¡De vuelta a la escuela!
“Hybrid” Diocesan Convention Planned for 2021
2021 Wardens’ Conference: Presentations and Recorded Sessions
A Child and a Miracle
A Sunday School Pandemic Journal
ACT: 50 Years and Looking Forward
Are We Teaching Our Children How to Live?
Arts Education Amidst a Pandemic
Back to School!
Breath of Freedom: Rural and Migrant Ministry’s Summer Overnight Leadership Camp
Campus Ministry Across the Diocese
Chrysalis
Confirmands Get Creative
Covid on (and Off) Campus
Developing The Next Generation of Leaders
Diocesan Protocols for Covid 19 Now Mirror Those of the State of New York
Episcopal Charities Receives $1 Million Anonymous Donation
Episcopal Futures Learning Communities Launched at Pentecost
Grace Year: In Preparation for Leadership for the Common Good
Hacer espacio para dejar que los niños nos guíen
Introducing Rev. Kevin W. VanHook, II, the New Executive Director of Episcopal Charities
Jonathan Daniels Pilgrims Reflect
Kelly Latimore: Iconographer of a New Imago Dei
Make Space to Let the Children Lead Us
Mission of Our Youth: Poverty in New York
New Executive Director for Episcopal Charities
New Youth Grantmaking Board at Christ’s Church, Rye
Palm Sunday Hospitality with 10- and 11-Year-Olds
Pennoyer Appointed Head of Grace Church School
PPP Loans: Reminder to Congregations to Apply for Loan Forgiveness if You Qualify
Prayers from Our Hearts
Report from the St. Margaret’s and St. Luke’s Branches of the Girls’ Friendly Society
Seeing Past the Horizon
The Journey
Un niño y un milagro
Video Hit: St. James’ children’s ministries series Did You Know?
Voices Heard: A Diocese Explores Pathways Toward Reparations
We Need All Ages
When I Was a Child: The Beginnings of Faith
Home » Faith as Creative Insecurity
Print this article

Faith as Creative Insecurity

Glasspool_inf_preferred - Copy_crop2

One of my all-time favorite cartoon series is “Peanuts” by the late Charles Schulz. I grew up with Charlie Brown, Lucy, Linus, and that wonderful dog who could be anybody’s pet, Snoopy. In one episode, Linus is characteristically sitting with his beloved blanket in one hand, and his thumb in his mouth. He is suddenly attacked by Snoopy, who latches onto the blanket and heads out the door with Linus hanging on for dear life. Snoopy does everything to get the blanket away from Linus: he jumps on him, trips him, and pulls him around for all he’s worth. Finally, battered and worn, Linus reappears at the door. “Are you crazy?” says common-sense Lucy. “It’s cold outside. You could catch pneumonia rolling around out there in the snow!” To which Linus replies, wearily, “The struggle for security knows no season.”

Doubt and faith, security and insecurity are concepts inextricably related to one another. We strive for security, and yet we live in an insecure world. We want to be solid in our faith, yet at times we are wracked by doubt; and no insistence on the part of preachers that Doubt is a part of Faith quells the underlying unease of uncertainty. Perhaps in order to deal with my own doubts, I try to think about faith as “creative insecurity.”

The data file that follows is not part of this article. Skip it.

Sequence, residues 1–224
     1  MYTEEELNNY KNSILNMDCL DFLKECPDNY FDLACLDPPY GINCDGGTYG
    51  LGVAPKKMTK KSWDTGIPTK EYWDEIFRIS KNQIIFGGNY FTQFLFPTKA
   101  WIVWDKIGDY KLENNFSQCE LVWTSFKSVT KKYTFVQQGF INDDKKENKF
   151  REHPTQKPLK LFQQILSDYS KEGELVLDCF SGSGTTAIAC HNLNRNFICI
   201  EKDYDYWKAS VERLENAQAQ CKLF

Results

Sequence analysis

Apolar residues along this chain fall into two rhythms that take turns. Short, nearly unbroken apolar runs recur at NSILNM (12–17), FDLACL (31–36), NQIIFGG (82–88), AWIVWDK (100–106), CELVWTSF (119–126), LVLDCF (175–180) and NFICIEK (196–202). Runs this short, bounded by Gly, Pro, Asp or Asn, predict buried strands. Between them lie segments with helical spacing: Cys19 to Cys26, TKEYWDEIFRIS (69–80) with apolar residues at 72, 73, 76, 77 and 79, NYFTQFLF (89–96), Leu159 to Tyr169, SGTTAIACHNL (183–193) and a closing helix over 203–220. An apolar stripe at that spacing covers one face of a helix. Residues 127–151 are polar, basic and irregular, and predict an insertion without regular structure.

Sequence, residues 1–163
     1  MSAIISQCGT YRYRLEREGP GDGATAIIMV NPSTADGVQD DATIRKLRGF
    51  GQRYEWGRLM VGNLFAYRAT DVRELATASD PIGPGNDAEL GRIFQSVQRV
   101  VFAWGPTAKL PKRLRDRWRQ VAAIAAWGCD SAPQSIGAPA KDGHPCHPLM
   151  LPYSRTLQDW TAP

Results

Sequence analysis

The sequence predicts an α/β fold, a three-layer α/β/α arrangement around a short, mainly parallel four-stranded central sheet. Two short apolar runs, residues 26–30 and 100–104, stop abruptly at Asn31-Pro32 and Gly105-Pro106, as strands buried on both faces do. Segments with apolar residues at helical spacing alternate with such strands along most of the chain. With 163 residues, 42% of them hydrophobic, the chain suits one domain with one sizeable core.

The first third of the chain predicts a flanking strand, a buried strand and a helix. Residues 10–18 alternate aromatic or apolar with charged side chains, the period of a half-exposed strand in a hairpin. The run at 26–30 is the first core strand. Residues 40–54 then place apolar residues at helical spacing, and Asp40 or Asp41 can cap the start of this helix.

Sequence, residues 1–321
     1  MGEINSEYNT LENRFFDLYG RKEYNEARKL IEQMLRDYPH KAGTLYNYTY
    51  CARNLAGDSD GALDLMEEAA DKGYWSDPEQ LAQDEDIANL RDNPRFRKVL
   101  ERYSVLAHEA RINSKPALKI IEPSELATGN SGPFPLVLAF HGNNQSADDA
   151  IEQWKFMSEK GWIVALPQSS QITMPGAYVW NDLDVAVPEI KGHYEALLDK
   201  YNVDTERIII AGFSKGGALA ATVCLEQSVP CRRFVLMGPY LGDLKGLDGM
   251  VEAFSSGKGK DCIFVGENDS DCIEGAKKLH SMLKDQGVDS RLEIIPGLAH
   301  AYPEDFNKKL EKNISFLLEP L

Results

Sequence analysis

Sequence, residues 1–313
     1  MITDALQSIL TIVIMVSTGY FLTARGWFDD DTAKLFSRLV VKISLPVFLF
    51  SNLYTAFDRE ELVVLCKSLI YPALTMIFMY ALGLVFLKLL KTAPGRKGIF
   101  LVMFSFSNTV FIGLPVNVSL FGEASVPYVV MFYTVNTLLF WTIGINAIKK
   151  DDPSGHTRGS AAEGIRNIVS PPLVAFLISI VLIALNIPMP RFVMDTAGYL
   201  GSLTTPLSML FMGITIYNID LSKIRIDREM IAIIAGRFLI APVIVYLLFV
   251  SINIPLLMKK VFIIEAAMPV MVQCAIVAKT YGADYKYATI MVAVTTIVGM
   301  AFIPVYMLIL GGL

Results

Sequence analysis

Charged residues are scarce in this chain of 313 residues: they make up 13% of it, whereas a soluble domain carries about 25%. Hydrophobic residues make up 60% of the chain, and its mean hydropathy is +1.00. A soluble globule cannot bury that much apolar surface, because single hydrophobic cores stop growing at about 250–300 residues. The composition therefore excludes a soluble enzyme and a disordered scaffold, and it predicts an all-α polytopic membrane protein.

A Talmudic interpretation of the Red Sea crossing tells how the waters did not part and allow Moses to pass simply because God looked down from heaven and saw that unless God opened the waters, the Israelites would all be drowned. This interpretation suggests that the reason the sea opened was in response to Moses putting his toe into the water, risking that the sea would drown him, but being determined and filled with that much faith. The story ends, as does each Talmudic interpretation, with a moral: “Do not just stand there on dry land waiting for miracles!”

Christianity is not a salvation, but a call to adventurous living. Eternal life is not the perpetuity of the status quo— it is becoming alive at such depths that nothing can ever kill you. It is life to participate in the Eternal Spirit: It is not found in playing it safe, but in risking all. The way of faith—of creative insecurity—is the way of growth, of maturing, of becoming.

The church as a community of faith is to create faith, provoke faith, nurture faith—as well as to consider doubt! But what the church resists more than anything else—because this is what we resist as persons—is to live by faith in the living God. Faith is not something to rest on, to take one’s ease on, but it beckons one to the growing edges of the self, to the frontiers of life, to creative insecurity. It isn’t safe to believe in the God of the Bible. In fact, it isn’t safe to live. Security is little more than sterility. Only insecurity is ever creative.

For us, living lives of faith, committing ourselves to lives of creative insecurity means acting on the conviction that nothing can separate us from the love of God in Jesus, the Christ. It means “hanging in there” with our faith, our creative insecurity, even when times are rough, doubts are prevalent, and spirits are low. It means loving people and using things—not the other way around. It means treating life—every aspect of it—as a gift and living it in the adventurous Spirit of the Giver. It means having the spirit of giving in all we do: our relationships, our decisions, our attitudes, the use of our time, our energies, our talents, our money, and our possessions. It means being keenly aware of and concerned for the hurts and hungers and thirsts and imprisonments and nakedness of the world around us—physical and spiritual—and being determined to respond to them. It means taking seriously Jesus’ command to reach out to others—physically and spiritually—with the love and care of Christ. Living a life of faith, committing ourselves to lives of creative insecurity, means that we must risk ourselves in the cause of justice: for that is where Christ is.